What is clear and consistently repeated by the Government is that the pool of free permits available will be limited and the reduction targets fixed so that the more concessions that are granted to one sector, the more other sectors will be required to take up the burden of the CPRS. This means some businesses will be forced to deliver solutions which lower carbon emissions. The oil and gas company Santos has recently announced a venture into gas–fired electricity generation to benefit from the increasing demand for cleaner energy.

In a closely related issue, energy companies are appealing to the State Governments to scrap retail electricity price caps, warning that price regulation together with the CPRS is a lethal combination for companies that are not insulated to some extent by investments in energy generation assets that would give them an alternative source of energy, such as AGL and Origin.

Energy companies are concerned that price increases on the national electricity market linked to the CPRS could trigger a similar situation to that seen in California in 2001 when energy retailers were paying more for wholesale electricity than they were able to charge customers under price caps. Wholesale spot prices soared but price regulation prevented those costs being passed on which in turn lead to insolvency and the public rescue of several utilities.

On 23 July 2008 the Australian Financial Review reported that Austelectricity chief executive Simon Draper said that if carbon prices were not passed on to the consumer, "that would have the impact of unwinding over a decade of competition reform, basically a whole lot of players would be squeezed out of the market."

Some major industry players have cautioned that price regulation imposed by the states could completely frustrate the aims of the CPRS and potentially discourage investment in energy assets by impeding the pass-through of carbon costs to end-users. Many businesses argue that the Government should not shield consumers from the price signals associated with the CPRS, particularly as such protection would undermine the price signals that emissions trading schemes are designed to introduce.

New South Wales Minister for Energy Ian Macdonald has asserted that the costs associated with emissions reductions requirements would be able to be passed through to the customer under New South Wales retail price determinations because there is a provision for an annual review of wholesale prices to be included in the regulated price determined by the Independent Pricing and Regulatory Tribunal. New South Wales prices already include a pass-through of the cost of the current New South Wales Greenhouse Gas Reduction Scheme.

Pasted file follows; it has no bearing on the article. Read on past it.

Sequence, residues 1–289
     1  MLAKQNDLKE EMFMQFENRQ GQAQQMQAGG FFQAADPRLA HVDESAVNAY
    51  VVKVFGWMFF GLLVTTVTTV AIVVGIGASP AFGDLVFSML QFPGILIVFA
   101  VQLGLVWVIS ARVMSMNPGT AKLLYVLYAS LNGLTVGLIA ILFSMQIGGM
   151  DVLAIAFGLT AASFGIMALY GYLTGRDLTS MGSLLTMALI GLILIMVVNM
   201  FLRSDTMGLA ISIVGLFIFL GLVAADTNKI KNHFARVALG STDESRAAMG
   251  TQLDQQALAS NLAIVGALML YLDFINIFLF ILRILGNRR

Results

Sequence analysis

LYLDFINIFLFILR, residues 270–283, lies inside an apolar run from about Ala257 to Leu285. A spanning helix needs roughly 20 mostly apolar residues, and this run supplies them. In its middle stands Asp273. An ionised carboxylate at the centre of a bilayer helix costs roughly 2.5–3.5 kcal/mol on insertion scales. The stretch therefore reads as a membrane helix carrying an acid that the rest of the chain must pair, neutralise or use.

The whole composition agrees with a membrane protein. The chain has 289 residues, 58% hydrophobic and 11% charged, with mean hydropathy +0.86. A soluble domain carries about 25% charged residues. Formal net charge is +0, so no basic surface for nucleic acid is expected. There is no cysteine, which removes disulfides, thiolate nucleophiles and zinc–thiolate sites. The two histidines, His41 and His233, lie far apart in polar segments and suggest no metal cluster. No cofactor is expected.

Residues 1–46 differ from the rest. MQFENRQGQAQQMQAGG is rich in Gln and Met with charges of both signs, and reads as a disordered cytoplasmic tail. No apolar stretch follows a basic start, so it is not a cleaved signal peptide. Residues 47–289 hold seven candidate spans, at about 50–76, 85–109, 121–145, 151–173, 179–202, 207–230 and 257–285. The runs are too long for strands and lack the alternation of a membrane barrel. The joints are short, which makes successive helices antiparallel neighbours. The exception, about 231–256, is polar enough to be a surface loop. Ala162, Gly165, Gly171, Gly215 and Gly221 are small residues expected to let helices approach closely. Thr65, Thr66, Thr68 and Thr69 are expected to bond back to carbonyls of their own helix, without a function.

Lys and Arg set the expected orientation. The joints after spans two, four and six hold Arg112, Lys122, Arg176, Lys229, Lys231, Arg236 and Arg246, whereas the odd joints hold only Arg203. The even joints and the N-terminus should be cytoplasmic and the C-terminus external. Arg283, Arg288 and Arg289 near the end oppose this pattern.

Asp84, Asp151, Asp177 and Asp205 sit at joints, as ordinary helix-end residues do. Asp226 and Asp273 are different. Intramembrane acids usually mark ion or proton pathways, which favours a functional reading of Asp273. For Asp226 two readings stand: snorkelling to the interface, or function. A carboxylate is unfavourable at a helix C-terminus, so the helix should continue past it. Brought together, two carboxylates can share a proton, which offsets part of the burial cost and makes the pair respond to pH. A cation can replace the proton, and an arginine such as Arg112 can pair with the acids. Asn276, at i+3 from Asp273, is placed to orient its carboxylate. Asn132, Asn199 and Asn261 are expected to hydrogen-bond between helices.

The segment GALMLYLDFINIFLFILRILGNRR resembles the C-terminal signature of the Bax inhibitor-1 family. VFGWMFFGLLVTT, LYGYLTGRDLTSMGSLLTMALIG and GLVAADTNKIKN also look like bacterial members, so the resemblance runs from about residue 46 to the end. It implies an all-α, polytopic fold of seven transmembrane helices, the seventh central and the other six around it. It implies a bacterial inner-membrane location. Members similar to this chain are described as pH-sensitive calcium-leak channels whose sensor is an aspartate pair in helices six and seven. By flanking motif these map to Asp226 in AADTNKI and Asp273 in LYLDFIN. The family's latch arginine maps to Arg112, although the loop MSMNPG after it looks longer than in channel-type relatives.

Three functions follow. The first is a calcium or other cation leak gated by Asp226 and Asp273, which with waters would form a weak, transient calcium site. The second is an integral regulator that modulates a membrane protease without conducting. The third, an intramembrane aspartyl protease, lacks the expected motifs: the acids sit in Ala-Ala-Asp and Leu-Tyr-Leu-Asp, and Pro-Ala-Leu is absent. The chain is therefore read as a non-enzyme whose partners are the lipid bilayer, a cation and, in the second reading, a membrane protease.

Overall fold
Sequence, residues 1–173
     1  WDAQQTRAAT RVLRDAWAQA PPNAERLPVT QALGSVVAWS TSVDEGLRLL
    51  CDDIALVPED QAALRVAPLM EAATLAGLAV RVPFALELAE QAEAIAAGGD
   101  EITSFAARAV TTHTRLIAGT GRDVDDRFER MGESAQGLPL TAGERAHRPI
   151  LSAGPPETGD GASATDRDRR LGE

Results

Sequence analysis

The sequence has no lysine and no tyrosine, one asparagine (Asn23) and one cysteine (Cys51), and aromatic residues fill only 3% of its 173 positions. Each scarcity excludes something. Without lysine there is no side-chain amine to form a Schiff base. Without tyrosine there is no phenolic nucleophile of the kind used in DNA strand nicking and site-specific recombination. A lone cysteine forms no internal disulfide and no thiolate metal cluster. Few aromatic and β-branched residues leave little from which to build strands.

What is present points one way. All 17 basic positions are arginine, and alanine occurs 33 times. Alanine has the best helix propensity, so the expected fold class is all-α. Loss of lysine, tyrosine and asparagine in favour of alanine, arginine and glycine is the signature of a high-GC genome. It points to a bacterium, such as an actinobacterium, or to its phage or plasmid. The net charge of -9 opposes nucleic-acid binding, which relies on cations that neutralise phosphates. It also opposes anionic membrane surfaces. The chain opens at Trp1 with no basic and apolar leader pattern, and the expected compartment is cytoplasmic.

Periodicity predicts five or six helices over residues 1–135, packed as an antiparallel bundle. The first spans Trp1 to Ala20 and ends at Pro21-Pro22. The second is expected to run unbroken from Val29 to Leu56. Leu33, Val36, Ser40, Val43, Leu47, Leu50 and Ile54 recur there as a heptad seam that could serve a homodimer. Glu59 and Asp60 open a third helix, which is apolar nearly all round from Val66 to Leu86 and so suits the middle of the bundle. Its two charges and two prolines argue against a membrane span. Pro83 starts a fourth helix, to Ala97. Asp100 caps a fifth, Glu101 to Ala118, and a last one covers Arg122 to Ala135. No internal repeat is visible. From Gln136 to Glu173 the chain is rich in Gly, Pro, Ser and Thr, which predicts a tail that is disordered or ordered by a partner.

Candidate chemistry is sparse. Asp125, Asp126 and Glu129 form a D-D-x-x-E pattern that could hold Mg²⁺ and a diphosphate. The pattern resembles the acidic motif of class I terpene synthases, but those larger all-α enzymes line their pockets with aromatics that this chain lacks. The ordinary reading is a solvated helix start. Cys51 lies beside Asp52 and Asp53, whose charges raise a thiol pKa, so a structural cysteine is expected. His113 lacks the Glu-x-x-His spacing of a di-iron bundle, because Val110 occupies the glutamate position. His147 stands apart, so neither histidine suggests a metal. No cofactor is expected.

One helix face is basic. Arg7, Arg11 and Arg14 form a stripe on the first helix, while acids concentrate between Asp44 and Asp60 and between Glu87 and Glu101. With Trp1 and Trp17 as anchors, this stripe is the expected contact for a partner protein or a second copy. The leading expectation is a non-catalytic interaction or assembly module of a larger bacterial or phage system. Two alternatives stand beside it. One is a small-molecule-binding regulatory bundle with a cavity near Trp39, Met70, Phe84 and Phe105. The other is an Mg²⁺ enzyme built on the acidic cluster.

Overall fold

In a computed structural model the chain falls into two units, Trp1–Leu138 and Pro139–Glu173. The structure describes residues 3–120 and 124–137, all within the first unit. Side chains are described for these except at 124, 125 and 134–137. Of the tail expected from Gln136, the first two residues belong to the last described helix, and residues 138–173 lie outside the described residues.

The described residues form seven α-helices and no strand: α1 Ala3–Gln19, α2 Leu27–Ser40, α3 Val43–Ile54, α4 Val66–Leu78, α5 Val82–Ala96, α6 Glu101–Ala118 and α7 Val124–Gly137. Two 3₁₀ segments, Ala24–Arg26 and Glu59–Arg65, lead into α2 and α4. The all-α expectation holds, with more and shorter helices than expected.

Queensland's Mines and Energy Minister Geoff Wilson has declared that Queensland will maintain regulated prices (referred to as "uniform tariffs") because otherwise consumers in remote and rural areas would find power unaffordable. Mr Wilson has argued that it is feasible to maintain retail price caps because the Queensland market has already been opened up to multiple retailers who are able to compete under the maximum price cap. However, Queensland's rural and remote areas are also heavily subsidised by the Queensland Government which provides a community service requirement to Ergon Energy, worth $650 million in 2007/08, to subsidise the cost of supplying electricity to the bush.


The trucking industry has been hard-hit by the effects of the recent rise in fuel costs. To ease the effects of involvement in the CPRS, the Government announced it would provide a cent-for-cent fuel tax offset for the heavy vehicle road users. This measure appears to be at odds with the recommendations of the Garnaut Report however the Government has decided to run with it for one year and then review the situation.

The rail industry has taken issue with the policy rationale of subsidising the trucking industry, arguing it puts rail at a competitive disadvantage in relation to freight and passenger rail transport, which are more greenhouse friendly options. It seems that the result is likely to be that the cost of rail passenger and freight transport will rise while the cost of road transport will remain the same.

Transport Minister Anthony Albanese has defended the treatment of transport, saying that it is critical for it to be included in the system, and has pointed out that the comparative position of rail transport would be vastly improved if proposed measures to change cost-recovery arrangements on heavy road vehicle charges had not been blocked in the Senate by the opposition.

Qantas Airways, which recently asserted that an emissions trading scheme could raise the price of oil by $35 a barrel, has joined the growing list of companies concerned about the impact of the CPRS. The Government's green paper provides that airlines should pay for 100% of their permit obligations, unlike other emissions-intensive sectors. Qantas's chief executive Geoff Dixon has claimed that under the CPRS its domestic operating costs would increase by about $100 million.